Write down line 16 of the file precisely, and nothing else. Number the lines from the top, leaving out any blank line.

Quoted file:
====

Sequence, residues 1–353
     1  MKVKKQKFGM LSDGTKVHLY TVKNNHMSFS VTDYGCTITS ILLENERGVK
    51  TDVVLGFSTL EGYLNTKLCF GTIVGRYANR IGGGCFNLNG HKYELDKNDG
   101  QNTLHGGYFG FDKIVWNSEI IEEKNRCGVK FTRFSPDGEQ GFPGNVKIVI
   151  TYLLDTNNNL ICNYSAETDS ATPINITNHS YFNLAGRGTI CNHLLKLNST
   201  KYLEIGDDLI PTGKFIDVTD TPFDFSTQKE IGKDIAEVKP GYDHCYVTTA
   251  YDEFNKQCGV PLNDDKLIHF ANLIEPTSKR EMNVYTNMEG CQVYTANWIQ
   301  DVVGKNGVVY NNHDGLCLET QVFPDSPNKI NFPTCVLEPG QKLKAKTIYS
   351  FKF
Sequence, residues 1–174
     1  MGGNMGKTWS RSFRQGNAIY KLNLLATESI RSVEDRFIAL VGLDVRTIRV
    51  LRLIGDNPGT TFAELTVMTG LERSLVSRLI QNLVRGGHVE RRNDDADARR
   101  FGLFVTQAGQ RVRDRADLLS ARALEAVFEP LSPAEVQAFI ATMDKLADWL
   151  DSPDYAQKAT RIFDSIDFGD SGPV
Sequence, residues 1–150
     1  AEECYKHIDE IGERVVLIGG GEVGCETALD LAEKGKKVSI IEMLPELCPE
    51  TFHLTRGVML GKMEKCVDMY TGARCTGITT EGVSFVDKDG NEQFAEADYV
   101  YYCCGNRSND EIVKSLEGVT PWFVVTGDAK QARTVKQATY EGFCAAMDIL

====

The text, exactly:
     1  AEECYKHIDE IGERVVLIGG GEVGCETALD LAEKGKKVSI IEMLPELCPE